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One heart-baby’s journey through Starship

Nakita Griffiths

When Angela Griffiths from Mount Manganui first arrived at Starship Hospital in 2004, with her young daughter Nakita, it was with some nervousness - but not because they were unfamiliar with hospitals.

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Nakita was born with a serious heart condition and in 2003, when she was just four years old, the Greenlane Paediatric and Congenital Cardiac Services relocated from Greenlane Hospital to a purpose-built facility at Starship Children’s Hospital. Mum Angela recalls how she felt arriving for the first time at Starship with Nakita.

“We were excited, but at the same time we were so familiar with Greenlane that it was hard to think about moving hospitals,” she says. “But what a fantastic place to move to! When we walked in it was like another world – it didn’t take us long to settle in.”

“We have had many stays at Starship over the years,” explains Angela. “Starship is just amazing and we are so thankful. Nakita gets the attention she needs, when she needs it.”

Nakita turned 18 on April 5th 2017 but it’s a birthday Angela thought Nakita might not get the chance to celebrate, and she is grateful to the team at our national children’s hospital for saving her daughter’s life ‘many times over’.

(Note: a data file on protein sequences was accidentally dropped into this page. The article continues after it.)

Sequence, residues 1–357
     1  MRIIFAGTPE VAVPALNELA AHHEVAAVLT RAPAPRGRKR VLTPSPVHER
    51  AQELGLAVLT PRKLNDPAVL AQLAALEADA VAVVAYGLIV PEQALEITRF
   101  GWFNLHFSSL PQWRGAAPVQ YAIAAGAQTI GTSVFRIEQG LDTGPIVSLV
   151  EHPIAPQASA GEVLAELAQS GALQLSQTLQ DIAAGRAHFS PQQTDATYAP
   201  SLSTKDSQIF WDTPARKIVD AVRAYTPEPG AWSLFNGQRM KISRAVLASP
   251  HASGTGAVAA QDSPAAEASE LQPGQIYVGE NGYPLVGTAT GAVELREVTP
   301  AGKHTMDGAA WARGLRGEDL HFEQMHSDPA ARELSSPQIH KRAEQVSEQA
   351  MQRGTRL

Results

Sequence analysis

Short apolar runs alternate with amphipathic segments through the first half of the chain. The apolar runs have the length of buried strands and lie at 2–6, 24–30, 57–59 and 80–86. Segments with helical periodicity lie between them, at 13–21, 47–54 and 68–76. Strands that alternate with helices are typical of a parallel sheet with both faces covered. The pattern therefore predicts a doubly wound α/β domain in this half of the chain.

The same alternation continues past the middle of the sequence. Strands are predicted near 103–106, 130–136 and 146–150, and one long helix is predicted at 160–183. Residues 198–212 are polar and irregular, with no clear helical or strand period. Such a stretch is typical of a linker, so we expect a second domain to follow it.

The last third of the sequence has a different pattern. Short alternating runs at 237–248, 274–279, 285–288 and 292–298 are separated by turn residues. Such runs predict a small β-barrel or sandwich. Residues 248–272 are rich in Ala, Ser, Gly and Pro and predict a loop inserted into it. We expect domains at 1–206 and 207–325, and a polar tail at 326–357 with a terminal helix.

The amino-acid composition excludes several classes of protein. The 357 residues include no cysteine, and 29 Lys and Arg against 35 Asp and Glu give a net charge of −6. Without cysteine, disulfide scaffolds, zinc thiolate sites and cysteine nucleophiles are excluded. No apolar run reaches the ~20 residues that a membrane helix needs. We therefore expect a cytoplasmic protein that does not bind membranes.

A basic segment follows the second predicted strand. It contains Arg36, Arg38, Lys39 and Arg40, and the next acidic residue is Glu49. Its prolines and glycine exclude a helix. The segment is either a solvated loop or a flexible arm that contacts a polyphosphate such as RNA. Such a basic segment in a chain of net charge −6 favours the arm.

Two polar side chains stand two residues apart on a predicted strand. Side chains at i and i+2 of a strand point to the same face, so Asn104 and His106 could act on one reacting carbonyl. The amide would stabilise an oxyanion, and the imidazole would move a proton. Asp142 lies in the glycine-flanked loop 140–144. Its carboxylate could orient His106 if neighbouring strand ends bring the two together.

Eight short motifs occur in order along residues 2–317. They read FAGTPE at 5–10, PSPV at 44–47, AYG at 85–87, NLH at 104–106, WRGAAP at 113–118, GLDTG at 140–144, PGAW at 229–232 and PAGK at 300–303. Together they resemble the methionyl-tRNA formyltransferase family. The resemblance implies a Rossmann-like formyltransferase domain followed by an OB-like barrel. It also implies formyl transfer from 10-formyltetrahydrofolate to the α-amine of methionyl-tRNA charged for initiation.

Born in Tauranga in 1999 Nakita’s medical condition became evident soon after her birth and a day later the newborn was transferred by helicopter to Greenlane Hospital in Auckland, while Angela travelled by ambulance accompanied by a nurse, and Nakita’s Dad and other family members drove in convoy to be by Nakita’s side.

Diagnosed with Hypoplastic Left Heart Syndrome Nakita’s heart never formed properly. As a result she requires ongoing care and treatment, and will likely require a heart transplant one day.

“We were told when she was born that she would have a hard fight,” recalls Angela.

Two of her longest stays in Starship were in 2004 and 2005 for major open heart surgery to initially repair Nakita’s heart valves and ‘buy her some time’ until she was ready to undergo the Fontan procedure, which she underwent aged 5 ½ years.

Nakita is described by her Mum as a typical teenager who enjoys hanging out with her friends, and is great at helping others. Soon she will take on a new challenge as an assistant coach for a local cheerleading squad.

“Nakita has taught me so much – mainly about compassion,” says Angela, who has herself volunteered her time to support other families going through similar circumstances. “Her attitude is amazing. She enjoys life, she makes people laugh and even though she knows that she will probably need a heart transplant one day she just carries on with each day. She’s a great young lady.”

Nakita’s journey with the national children’s hospital will come to an end as her care will be led by adult services. She also sees a cardiologist in Tauranga. While the transition is a big step, Mum, Angela is reassured by the fact that Starship, and the team that has known Nakita or 18 years, remain very close by.

Nakita lives in Mount Manganui with her Mum and sister Jessie who is 14.

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